You’ve sprained your ankle, or strained your calf, or done a similar acute injury. How you manage it in the first 3-7 days will have a big impact on how quickly and how well you recover.
At this stage the injury is in the acute stage of healing. This means that inflammation is being sent to the injury site. Inflammation contains things that the body uses to repair the damaged tissue, but also contains chemicals that make you feel more pain, and other chemicals that can degrade surrounding structures. For this reason it’s important to do things during the acute phase of healing which limit inflammation.
The most important things to do during the acute phase of healing spell out RICE. (Rest, Ice, Compression and Elevation). As physios, we like to make things a little more complicated, and so we use the acronym SPRICEMMM (Support, Protect, Rest, Ice, Compress, Elevate, Mobilisations, Modalities, Medication).
Support / Protect
This is important for ligament injuries or other injuries which impact on a structure’s stability. For example an ankle brace or stability taping should be used to support an acutely sprained ankle to support the injured ligament and protect it from further damage. Similarly bracing or taping should be used for acute ligament injuries to other joints, and a strained muscle may be supported by the application of kinesiology tape.
Increased blood flow will increase inflammation and placing too much load through injured tissues will increase the inflammatory reaction. However placing some load through injured tissues is beneficial to promote tissue healing, and so a happy medium needs to be found somewhere between carrying on with your normal sport and other activity, and resting in bed.
Applying ice will reduce blood flow and thereby reduce inflammation. Ice should be applied over an injury for 15 minutes on, 15 minutes off for a couple of hours after the injury, and then for 15 minutes every 2-3 hours that you’re awake. If applying ice direct to the skin is too uncomfortable, a small barrier such as a paper towel should be used to reduce the risk of damaging the skin.
Applying compression via taping or the use of a compression stocking will help reduce blood flow and therefore reduce inflammation.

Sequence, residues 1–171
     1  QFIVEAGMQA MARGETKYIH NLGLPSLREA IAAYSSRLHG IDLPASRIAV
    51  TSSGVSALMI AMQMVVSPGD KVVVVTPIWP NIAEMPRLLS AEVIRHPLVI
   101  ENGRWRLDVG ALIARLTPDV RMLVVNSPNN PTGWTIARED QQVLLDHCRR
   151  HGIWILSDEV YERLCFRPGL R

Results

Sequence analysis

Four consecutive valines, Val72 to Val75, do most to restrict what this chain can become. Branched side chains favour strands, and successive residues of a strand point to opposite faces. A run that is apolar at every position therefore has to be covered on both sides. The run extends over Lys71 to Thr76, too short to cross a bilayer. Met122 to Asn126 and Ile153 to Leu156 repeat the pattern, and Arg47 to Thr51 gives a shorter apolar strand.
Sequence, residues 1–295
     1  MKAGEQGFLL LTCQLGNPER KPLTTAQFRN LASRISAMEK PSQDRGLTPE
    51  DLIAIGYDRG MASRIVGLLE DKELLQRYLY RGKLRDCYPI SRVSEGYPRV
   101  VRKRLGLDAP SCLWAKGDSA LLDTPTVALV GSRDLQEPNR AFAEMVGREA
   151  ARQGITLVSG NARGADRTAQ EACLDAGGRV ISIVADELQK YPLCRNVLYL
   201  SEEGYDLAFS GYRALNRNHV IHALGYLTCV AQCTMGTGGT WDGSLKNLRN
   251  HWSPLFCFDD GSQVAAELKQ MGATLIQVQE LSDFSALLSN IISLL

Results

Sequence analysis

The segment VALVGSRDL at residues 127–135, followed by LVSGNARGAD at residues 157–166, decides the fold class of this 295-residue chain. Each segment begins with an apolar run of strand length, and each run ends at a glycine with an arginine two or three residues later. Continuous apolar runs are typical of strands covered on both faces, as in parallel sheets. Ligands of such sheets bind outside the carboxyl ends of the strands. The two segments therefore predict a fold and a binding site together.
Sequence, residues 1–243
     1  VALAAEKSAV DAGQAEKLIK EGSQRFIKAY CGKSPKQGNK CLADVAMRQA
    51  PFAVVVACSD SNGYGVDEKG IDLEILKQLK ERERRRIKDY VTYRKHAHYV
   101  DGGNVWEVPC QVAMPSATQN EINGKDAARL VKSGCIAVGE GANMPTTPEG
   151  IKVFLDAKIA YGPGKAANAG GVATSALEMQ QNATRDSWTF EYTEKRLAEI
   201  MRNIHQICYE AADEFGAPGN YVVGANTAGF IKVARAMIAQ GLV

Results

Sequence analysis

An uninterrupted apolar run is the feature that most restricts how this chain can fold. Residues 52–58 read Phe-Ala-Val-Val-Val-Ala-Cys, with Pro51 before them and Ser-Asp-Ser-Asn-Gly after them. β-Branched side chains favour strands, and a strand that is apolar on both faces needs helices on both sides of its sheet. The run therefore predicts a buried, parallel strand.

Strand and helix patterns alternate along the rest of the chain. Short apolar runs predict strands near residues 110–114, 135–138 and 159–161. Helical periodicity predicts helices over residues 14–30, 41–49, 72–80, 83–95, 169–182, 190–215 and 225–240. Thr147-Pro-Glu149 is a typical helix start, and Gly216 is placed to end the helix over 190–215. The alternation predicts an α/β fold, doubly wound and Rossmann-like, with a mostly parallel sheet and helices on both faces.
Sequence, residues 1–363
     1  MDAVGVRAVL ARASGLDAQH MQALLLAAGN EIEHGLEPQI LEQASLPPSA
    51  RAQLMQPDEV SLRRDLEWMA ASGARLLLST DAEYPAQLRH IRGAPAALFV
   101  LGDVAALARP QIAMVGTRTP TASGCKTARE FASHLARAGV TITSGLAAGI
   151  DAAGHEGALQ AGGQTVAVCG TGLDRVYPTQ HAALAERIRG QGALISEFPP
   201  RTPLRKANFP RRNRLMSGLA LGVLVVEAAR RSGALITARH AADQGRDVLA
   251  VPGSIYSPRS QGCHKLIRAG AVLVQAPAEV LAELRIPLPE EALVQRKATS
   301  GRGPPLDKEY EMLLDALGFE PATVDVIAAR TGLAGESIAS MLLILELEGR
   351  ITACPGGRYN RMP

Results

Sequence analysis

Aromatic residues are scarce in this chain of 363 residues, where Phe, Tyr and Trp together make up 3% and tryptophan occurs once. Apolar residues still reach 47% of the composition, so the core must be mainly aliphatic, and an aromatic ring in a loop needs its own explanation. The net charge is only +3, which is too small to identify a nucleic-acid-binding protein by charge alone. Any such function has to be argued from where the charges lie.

When resting, elevating the injured area slightly above the level of the heart helps utilise gravity to reduce blood flow and therefore reduce inflammation.
These are techniques physios use which can create a pump-action to help the lymphatic system clear the inflammation more effectively.
Physios may also use electrophysical modalities (such as ultrasound therapy or interferential therapy) to help the lymphatic system clear inflammation more effectively.
The use of anti inflammatory medications can be helpful in managing inflammation. A doctor or pharmacist should be consulted to check if these are appropriate in your particular situation. Non-prescription anti inflammatories (such as Nurofen or Voltaren) should generally be tried first, and presciption anti inflammatories should only be used for the condition for which they were prescribed.
The things you should avoid during the acute phase of healing conveniently spell out HARM (Heat, Alcohol, Running, Massage).
Application of heat may feel nice, but it will increase blood flow and therefore increase inflammation, making pain, stiffness and swelling worse afterwards.
Consuming alcohol promotes inflammation and so should be avoided while in the acute phase of healing.
Running will increase blood flow through the musculoskeletal system and will therefore increase inflammation. It will also place significant load through structures in the legs and back and so may cause a worsening of the injury.
While very gentle massage using upward strokes can promote the clearance of inflammation, more firm massage of injured tissues will irritate these tissues and increase inflammation.
As a physio, it makes my job much easier and means a smoother, quicker path to full recovery from your injury when it’s been managed well acutely.
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